Faun (2018) | Photo: Ben Wolf
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Faun, the great name of German Pagan folk

by Thiago Marques
Published: Updated:

Faun is a German band formed in Munich in 1998, which has already been labeled as a Pagan folk (as they often refer to themselves), neofolk, darkwave, Celtic folk, medieval music or, more recently, folk rock musical group.

The fact is that the Bavarian sextet presents a range of very original and diverse compositions, ranging from melancholic ballads to more festive songs. Most of these characteristics are the result of the use of ancient musical instruments such as the Celtic harp, the nyckelharpa, the hurdy-gurdy, the cittern, bagpipe and many others. In addition, the songs are sung in several languages, including the band members’ native German, Latin, Hungarian and ancient Scandinavian languages.

The name “Faun” refers to the deity of Roman mythology, Faunus, the Pan of the Greeks, which refers to the band members’ reverence for nature and its creatures. The band started with Oliver “S. Tyr” Pade, Elisabeth Pawelke, Fiona Rüggeberg and Birgit Muggenthaler. Two years later, Birgit left the group to play in the Folk Rock band Schandmaul. In the same period, Rüdiger Maul joined the band, taking over the percussion.

In 2002, they released their first album, Zaubersprüche, with Niel Mitra as session musician, who was responsible for the electronic instruments. Subsequently, he became a definitive member of the band, remaining until today. Stephan Groth joined in 2012 and Laura Fella in 2017.

Faun, the great name of German Pagan Folk

Faun with Laura Fella (2017).


See also: Fiona Rüggeberg leaves Faun after 20 years

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Inspirations for their lyrics often come from classic texts such as Carmina Burana (Satyros, Renaissance), Cantigas de Santa Maria (Da que Deus, Renaissance), Jenaer Liederhandschrift by Vitslav III, Prince of Rügen (Loibere Risen, Renaissance), Egil Skallagrimsson’s Saga (Licht), Prose Edda by Snorri Sturluson (Sigurdlied, Buch der Balladen), Heinrich von Morungen (Von den Elben, Licht), the ballad King Henry, as well as romantic and modern authors like John Keats (Der Wilde Wasermann, Buch der Balladen), Baron Munchausen (2 Falken, Totem, Jahrtausendalt, Buch der Balladen), José Melchor Gomis (Tinta, Totem), Joseph Freiherr von Eichendorff (Der stille Grund, Totem), Felicitas Kukuck (Tanz über die Brücke, Buch der Balladen), among others.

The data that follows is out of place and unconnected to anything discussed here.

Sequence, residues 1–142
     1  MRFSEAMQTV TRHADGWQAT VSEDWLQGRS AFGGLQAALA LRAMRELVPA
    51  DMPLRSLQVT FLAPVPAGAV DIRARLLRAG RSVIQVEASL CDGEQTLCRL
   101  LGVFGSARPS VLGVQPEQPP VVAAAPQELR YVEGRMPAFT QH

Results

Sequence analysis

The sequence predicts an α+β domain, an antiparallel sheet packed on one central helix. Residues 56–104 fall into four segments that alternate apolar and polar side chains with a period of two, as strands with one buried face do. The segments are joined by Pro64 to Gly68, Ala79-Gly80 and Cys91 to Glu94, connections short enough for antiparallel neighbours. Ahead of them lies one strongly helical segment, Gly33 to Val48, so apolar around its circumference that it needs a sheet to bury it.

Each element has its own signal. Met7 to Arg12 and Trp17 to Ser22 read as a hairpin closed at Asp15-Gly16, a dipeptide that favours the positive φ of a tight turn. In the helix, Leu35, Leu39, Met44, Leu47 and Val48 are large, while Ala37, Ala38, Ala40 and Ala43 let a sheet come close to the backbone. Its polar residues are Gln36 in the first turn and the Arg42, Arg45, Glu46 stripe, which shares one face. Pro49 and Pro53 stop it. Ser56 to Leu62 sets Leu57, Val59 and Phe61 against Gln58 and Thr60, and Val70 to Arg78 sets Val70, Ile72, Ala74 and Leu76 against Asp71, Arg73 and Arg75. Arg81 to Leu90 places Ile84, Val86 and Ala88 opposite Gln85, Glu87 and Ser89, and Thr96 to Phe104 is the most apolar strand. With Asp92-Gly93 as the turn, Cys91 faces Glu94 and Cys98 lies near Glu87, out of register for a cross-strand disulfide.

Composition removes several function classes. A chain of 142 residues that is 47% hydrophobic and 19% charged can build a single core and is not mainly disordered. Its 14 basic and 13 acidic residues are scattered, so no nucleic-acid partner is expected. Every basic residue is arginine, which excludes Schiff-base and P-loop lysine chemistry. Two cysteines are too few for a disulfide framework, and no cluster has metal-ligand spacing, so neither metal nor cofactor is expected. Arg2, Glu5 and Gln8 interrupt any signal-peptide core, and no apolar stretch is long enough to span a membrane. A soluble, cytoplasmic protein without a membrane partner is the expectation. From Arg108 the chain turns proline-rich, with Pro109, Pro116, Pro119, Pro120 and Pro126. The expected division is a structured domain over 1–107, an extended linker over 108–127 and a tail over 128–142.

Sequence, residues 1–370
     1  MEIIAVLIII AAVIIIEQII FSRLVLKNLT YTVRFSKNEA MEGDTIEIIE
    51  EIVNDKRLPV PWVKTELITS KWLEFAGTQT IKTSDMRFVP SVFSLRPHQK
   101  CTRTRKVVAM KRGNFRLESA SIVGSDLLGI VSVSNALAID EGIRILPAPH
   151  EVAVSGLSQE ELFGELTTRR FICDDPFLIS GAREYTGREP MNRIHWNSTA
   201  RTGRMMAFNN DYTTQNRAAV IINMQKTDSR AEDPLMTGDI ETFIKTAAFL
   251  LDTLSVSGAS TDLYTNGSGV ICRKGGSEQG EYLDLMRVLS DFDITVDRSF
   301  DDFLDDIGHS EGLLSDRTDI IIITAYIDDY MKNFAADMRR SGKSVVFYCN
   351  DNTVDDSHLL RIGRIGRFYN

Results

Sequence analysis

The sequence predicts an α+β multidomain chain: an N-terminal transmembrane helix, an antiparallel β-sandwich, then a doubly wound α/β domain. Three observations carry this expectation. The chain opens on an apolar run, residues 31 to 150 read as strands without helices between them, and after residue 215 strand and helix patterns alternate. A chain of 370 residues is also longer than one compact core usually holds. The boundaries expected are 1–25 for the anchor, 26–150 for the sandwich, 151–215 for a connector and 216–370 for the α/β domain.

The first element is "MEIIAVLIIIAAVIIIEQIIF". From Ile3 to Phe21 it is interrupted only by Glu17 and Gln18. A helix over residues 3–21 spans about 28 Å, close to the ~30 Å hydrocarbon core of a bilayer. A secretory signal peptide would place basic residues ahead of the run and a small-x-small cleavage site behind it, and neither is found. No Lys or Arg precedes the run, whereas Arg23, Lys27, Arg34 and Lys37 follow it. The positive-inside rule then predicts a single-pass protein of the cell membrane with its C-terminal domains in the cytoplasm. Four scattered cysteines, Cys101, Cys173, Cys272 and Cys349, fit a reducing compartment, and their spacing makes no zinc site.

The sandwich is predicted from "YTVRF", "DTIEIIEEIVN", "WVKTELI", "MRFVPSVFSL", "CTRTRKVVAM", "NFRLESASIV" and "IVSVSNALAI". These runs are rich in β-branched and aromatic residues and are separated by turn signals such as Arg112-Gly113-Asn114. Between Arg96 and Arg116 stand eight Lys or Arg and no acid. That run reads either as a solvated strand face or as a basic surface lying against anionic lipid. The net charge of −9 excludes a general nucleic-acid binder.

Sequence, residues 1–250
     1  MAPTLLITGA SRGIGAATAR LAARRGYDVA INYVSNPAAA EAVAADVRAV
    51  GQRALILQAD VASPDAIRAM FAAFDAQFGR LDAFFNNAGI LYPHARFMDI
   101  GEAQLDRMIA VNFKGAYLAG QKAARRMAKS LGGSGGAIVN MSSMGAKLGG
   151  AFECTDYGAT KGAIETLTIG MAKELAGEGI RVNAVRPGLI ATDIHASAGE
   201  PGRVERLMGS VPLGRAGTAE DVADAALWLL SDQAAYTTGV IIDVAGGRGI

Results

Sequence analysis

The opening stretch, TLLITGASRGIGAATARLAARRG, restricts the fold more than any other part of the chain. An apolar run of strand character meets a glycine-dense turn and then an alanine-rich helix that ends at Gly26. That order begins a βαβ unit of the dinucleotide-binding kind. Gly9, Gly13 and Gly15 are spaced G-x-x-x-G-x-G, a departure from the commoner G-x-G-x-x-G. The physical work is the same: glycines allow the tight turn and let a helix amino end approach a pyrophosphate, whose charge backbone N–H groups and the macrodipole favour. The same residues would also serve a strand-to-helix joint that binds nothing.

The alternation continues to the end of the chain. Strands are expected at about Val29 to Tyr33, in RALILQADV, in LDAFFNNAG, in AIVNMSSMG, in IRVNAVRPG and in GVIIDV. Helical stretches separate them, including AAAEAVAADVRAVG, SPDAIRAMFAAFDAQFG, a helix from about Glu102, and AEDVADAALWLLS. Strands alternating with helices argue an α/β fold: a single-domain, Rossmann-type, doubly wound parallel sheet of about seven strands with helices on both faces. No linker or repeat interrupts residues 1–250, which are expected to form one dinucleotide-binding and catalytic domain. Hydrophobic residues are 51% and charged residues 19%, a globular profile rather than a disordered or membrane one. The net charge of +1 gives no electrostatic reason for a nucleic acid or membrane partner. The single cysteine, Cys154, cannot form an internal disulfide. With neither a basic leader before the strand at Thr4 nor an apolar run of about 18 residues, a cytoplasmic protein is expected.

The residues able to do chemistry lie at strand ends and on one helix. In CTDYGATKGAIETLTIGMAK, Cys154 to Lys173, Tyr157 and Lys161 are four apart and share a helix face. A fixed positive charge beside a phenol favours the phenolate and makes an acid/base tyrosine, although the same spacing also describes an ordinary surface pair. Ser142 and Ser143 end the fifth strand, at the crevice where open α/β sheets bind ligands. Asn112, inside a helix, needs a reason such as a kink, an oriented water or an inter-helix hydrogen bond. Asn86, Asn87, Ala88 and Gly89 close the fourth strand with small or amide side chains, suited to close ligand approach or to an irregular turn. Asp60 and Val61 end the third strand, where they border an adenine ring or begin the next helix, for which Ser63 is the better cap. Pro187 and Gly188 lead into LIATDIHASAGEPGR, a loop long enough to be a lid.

Rescuing the roots

Pade, the band leader, was the first to enter the revivalist cultural world of the medieval period. With a master’s degree in medieval literature, while composing songs in private (because “he had the desire to tell stories in the form of music”), he took part in medieval fairs practicing juggling or as an actor in plays. He has also performed as a session musician for Mediaeval Baebes, Eluveitie, Celtic Woman, Corvus Corax, Schandmaul, among many others. Over the years, he realized how people have recovered the desire to be closer to nature, sitting with a group around a fire, instead of going to a nightclub, for example. That is, “returning to the roots”.

For the members of the band, it is essential that people rescue their own roots, their history, folklore, fairy tales, ancient sagas. Faun does all this, masterfully, in their compositions, awakening those same desires in other individuals. There is no doubt that folk music has been very successful in inspiring this feeling in people around the world.

Faun’s seventh studio album, Von den Elben, released in 2013, was the band’s first release to reach the top 10 of the albums released that year in Germany, Austria and Switzerland. It was nominated for the now extinct ECHO award, then the most important music award in Germany in the categories National Rock/Pop Group and National Revelation of the Year. They have also won gold (Luna) and platinum (Von den Elben) records.


See also: Auļi releases ‘Voices of the Ancestors’ (Senču balsis)

The band’s most recent album is called Midgard. Based on Norse mythology, it became one of the most popular albums released that year in Germany and featured Einar Selvik, from the Norwegian band Wardruna in the song Odin. In 2018, the group released a collection containing their biggest hits, including live versions of some of the songs, titled XV – Best Of.

XV - Best Of (2018) | Faun | Universal Music Group

XV – Best Of (2018) | Universal Music Group

Members

  • Fiona Rüggeberg (vocals, flutes, bagpipes, dombra, rebab, pomme)
  • Oliver “s. Tyr” Pade (vocals, nyckelharpa, harp)
  • Stephan Groth (vocals, hurdy-gurdy, flutes, cittern)
  • Rüdiger Maul (percussion, drums, timbau)
  • Niel Mitra (sampler, synthetizer)
  • Laura Fella (vocals, framedrum, mandola)

Discography

Zaubersprüche (2002) | Faun | Curzweyhl

Zaubersprüche (2002) | Curzweyhl

Licht (2003) | Faun | Curzweyhl

Licht (2003) | Curzweyhl

Renaissance (2005) | Faun | Curzweyhl

Renaissance (2005) | Curzweyhl

Totem (2006) | Faun | Banshee Records

Totem (2006) | Banshee Records

FAUN & the pagan folk festival - Live (Ao Vivo - 2008) | Faun | Heart of Berlin

FAUN & the pagan folk festival – Live (Ao Vivo – 2008) | Heart of Berlin

Buch der Balladen - Acoustic (2009) | Faun | Banshee Records

Buch der Balladen – Acoustic (2009) | Banshee Records

Eden (2011) | Faun | Banshee Records

Eden (2011) |  Banshee Records

Von den Elben (2013) Faun | Universal Music Group

Von den Elben (2013) | Universal Music Group

Luna (2014) | Faun | Universal Music Group

Luna (2014) | Universal Music Group

Midgard (2016) | Faun | Universal Music Group

Midgard (2016) | Universal Music Group



Links

Website | Facebook | Twitter
Instagram | YouTube | Spotify

Playlists

Faun Paganfolk
Faun XV Best Of – Niel’s Choice

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